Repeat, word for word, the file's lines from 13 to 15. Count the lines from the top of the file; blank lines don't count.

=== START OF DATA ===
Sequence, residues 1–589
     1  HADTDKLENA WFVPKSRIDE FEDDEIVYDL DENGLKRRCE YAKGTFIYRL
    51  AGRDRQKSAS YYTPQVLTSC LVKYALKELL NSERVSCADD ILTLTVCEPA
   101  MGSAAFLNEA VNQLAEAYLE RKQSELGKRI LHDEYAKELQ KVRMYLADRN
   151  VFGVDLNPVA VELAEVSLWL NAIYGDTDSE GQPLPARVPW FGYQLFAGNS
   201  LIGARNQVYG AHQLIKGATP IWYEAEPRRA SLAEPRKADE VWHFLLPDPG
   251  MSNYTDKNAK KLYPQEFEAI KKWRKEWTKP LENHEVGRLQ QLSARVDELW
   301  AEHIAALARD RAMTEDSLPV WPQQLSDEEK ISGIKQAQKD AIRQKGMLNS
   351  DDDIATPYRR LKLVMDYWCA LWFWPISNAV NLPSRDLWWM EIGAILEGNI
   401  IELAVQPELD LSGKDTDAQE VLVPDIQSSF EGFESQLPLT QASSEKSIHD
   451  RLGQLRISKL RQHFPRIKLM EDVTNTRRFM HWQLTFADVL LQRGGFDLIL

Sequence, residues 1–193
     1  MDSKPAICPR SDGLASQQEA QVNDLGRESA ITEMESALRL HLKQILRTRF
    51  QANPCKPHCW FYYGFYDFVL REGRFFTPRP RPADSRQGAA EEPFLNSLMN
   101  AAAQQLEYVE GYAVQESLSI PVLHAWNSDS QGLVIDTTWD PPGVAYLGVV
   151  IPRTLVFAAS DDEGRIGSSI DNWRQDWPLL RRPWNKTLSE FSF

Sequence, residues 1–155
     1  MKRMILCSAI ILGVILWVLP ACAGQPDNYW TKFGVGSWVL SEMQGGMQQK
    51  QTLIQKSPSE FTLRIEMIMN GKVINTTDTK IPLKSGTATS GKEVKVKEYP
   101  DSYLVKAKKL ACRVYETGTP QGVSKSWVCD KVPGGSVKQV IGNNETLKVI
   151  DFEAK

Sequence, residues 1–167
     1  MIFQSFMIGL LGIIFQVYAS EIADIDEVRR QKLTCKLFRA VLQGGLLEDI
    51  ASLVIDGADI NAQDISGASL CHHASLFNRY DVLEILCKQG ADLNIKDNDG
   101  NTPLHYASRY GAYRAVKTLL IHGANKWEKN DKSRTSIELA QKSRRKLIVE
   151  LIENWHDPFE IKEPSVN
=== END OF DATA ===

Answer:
     1  MDSKPAICPR SDGLASQQEA QVNDLGRESA ITEMESALRL HLKQILRTRF
    51  QANPCKPHCW FYYGFYDFVL REGRFFTPRP RPADSRQGAA EEPFLNSLMN
   101  AAAQQLEYVE GYAVQESLSI PVLHAWNSDS QGLVIDTTWD PPGVAYLGVV